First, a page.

We'll have a lot more to say in next week's paper about why Governor McCrory needs to be evicted from the Executive Mansion posthaste. Here, though, we want to make the affirmative case for Attorney General Roy Cooper. The argument goes something like this: first, Cooper wants to repeal HB 2, expand Medicaid, protect abortion rights, allow online voter registration, and invest in renewable energy. Second, Cooper wants to make North Carolina schools truly first-rate (and not just preening-for-election-year-cameras first-rate), bringing teacher pay up to the national average, rather than forty-first in the country. He also opposes school vouchers and unregulated charter schools, two planks of the effort to privatize public education that McCrory has consistently supported. Finally, Cooper has backed environmental regulations and refused to defend a McCrory administration lawsuit against the EPA over the Clean Power Plan.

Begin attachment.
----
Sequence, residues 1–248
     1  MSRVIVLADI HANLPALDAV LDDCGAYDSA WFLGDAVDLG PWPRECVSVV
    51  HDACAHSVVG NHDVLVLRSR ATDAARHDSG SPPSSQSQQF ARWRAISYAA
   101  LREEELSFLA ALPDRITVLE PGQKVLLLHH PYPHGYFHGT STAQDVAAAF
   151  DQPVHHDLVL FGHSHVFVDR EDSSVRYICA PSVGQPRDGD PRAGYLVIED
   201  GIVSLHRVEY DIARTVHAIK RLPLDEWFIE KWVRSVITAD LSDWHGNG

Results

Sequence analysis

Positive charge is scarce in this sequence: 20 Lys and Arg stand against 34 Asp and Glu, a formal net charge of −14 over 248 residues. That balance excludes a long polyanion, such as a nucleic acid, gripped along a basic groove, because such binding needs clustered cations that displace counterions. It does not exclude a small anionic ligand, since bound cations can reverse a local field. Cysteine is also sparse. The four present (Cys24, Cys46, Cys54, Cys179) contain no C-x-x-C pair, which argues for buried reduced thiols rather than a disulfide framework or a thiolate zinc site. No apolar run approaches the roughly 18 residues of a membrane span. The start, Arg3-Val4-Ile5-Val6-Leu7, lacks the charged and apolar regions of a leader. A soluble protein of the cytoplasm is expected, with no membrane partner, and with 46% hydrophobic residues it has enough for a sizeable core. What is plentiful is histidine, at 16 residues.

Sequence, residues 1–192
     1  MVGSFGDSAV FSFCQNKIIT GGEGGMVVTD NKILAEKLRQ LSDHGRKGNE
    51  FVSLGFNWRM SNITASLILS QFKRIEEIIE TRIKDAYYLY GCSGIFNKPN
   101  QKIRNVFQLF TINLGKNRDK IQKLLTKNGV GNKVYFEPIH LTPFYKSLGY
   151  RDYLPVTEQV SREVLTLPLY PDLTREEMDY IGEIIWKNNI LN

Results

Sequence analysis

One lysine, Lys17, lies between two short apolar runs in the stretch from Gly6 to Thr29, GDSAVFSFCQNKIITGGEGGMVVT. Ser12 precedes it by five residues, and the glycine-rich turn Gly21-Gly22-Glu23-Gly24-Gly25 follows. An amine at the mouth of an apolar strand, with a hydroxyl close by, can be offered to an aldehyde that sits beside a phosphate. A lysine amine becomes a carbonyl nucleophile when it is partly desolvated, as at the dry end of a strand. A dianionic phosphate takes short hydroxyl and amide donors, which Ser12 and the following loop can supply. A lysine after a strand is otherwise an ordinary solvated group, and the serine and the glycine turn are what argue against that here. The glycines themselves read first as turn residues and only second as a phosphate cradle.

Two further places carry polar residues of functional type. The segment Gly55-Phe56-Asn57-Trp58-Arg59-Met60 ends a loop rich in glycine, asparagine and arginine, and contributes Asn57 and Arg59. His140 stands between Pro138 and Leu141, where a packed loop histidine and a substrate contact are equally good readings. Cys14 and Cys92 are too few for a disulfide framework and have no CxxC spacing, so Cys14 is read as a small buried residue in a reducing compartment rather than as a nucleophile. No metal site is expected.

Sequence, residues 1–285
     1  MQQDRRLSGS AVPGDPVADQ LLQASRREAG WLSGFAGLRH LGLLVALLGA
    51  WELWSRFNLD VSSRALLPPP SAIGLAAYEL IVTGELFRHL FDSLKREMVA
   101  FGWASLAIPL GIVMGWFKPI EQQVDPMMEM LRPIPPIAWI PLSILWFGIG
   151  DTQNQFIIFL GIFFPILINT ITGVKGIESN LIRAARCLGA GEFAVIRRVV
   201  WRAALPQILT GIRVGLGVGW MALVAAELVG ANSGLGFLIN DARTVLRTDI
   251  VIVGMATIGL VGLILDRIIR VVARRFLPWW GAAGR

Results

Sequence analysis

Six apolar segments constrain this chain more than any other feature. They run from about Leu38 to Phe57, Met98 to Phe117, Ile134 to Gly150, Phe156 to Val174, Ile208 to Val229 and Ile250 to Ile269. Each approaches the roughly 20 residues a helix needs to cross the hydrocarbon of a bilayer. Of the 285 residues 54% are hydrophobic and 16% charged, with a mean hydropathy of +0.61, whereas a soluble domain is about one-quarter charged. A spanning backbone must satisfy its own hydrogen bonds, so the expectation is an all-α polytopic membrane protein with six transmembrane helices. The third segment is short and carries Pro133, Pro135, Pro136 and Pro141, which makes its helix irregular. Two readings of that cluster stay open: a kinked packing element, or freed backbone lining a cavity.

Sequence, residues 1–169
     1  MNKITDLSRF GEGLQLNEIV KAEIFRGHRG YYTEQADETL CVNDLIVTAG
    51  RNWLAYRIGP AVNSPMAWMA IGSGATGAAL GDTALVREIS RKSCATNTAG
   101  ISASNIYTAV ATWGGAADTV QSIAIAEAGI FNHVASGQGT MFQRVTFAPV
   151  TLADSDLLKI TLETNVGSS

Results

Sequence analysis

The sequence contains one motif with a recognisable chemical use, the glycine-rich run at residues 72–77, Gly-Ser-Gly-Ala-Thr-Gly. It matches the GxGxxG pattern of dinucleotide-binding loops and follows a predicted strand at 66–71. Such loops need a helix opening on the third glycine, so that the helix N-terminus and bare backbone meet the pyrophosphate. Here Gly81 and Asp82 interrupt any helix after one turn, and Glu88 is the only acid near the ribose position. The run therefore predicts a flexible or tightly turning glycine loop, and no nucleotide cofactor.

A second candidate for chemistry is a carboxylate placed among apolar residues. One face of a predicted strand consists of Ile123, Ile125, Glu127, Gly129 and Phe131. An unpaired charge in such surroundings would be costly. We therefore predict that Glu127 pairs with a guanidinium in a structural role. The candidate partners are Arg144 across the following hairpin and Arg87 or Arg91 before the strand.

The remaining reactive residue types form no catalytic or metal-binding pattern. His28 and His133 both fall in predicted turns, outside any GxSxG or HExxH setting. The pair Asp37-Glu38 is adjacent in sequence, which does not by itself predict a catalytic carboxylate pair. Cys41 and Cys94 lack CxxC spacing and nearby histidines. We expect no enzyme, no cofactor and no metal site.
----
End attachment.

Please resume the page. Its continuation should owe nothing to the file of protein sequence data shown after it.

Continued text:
There are, of course, significant issues with Cooper: while he opposes HB 2, it's unclear whether he'll push to expand statewide nondiscrimination protections to LGBTQ people. As attorney general, Cooper has consistently supported the death penalty. And, disappointingly, he also supported McCrory's nonsensical suggestion that we enact a moratorium on Syrian refugees.
While Cooper isn't exactly a portrait of a liberal lion, he's a hell of a lot better than what we've got now. And should Democrats manage to overcome the Republican supermajority in the legislature—a newspaper can dream—Cooper's veto pen will also serve as a check on Phil Berger's most radical impulses, preventing further tax cuts for the wealthy and the erosion of the safety net. For these reasons, we enthusiastically endorse Cooper.